Moscow police sprang into action when a witness reported seeing a group of men bundling a young woman into a minivan and driving off, only to discover they'd stumbled upon a wedding ritual.
As soon as they received the report, the police activated Intercept - a rapid-reaction plan to stop kidnappings, according to their official website. In the space of half an hour more than 180 officers checked 24 similar vehicles, before stopping the suspicious minivan in the north-east of the city.
They seized five men, only for the "happy young bride" to explain that they were simply acting out a "bride kidnapping", Russia 24 TV reports. It was merely a symbolic re-enactment of an ancient practice by which a groom would kidnap the woman he wanted to marry - often against her wishes - and hold her to ransom.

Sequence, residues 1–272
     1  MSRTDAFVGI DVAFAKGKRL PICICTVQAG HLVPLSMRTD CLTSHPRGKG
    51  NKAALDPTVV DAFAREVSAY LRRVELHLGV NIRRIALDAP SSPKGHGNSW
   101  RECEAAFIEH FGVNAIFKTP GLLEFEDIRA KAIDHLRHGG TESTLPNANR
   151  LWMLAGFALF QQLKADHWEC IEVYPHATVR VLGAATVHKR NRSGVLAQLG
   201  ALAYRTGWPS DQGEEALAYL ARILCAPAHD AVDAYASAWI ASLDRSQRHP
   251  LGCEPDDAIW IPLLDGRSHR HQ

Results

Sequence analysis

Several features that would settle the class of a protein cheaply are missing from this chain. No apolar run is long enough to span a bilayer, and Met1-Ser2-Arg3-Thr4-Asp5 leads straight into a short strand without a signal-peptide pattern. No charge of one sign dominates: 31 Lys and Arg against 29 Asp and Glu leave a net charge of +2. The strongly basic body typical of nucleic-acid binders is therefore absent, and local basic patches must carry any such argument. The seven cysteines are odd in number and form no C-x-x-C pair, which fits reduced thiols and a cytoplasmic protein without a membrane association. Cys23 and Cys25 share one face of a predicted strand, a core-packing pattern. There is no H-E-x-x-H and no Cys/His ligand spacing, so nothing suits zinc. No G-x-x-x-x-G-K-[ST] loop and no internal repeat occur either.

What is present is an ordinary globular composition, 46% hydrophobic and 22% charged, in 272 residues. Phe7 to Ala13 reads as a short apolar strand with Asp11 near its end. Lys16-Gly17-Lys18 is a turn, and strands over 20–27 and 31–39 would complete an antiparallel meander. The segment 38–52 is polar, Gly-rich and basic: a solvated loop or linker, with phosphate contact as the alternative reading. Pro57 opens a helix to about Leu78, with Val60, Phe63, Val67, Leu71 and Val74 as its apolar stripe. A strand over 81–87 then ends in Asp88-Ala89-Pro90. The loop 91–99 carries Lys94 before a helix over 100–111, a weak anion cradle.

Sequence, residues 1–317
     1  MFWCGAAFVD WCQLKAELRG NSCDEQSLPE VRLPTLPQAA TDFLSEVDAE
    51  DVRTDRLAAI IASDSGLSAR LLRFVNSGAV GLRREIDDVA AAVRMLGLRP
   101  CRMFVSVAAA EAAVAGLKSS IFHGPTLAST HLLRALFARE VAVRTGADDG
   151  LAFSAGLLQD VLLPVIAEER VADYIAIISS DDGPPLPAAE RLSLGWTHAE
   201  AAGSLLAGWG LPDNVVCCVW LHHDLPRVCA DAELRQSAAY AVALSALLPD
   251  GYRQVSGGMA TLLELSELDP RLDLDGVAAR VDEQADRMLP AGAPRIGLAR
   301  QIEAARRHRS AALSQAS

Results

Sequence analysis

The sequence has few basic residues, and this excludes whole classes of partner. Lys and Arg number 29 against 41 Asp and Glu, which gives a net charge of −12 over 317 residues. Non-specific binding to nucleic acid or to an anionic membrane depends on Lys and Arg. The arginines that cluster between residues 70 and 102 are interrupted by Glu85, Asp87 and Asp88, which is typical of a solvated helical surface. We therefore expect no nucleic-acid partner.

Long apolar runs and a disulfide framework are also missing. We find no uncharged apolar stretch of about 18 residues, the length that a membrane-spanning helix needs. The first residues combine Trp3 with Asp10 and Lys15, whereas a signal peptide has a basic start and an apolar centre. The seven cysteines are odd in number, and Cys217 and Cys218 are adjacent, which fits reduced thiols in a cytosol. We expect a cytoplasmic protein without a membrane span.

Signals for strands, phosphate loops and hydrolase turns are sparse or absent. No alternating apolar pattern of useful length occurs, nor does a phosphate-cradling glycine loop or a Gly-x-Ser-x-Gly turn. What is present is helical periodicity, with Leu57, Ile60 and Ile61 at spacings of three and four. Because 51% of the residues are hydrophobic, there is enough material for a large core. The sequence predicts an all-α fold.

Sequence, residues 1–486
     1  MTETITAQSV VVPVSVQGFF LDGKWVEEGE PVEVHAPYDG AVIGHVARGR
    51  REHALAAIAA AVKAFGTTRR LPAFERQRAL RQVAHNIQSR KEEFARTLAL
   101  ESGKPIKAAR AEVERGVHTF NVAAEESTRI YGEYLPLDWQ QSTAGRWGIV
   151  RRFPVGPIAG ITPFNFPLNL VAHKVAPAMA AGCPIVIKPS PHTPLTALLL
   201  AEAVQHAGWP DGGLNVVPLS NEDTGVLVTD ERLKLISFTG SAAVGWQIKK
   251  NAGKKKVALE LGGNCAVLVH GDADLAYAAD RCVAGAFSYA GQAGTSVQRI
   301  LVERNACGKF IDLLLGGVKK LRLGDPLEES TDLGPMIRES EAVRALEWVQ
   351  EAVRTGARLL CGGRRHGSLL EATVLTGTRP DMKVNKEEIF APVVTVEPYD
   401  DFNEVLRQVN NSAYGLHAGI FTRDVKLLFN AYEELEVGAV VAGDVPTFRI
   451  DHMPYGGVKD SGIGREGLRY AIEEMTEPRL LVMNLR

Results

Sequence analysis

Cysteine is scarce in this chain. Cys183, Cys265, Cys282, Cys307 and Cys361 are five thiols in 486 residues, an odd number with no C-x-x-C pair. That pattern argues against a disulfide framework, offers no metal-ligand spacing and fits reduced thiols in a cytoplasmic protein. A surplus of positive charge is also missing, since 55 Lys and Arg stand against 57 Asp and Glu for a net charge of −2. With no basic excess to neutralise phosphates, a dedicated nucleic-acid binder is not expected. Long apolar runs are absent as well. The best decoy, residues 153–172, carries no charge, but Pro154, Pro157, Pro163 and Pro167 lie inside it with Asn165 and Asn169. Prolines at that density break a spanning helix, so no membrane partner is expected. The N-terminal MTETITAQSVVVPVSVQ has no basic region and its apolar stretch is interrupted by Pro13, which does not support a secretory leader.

The ritual is still common in the Caucasus and Central Asia, where cases of genuine bride kidnappings also occur despite being illegal. Women in Kazakhstan have recently launched the "Don't Stay Silent" campaign to counter this and other forms of violence against women, the Tengrinews site reports.
Moscow police say this was the third time they've been called out over similar incidents in the past week, according to the official Rossiyskaya Gazeta newspaper. They now plan to make a "procedural decision" on how to respond to such eye-witness reports in future.
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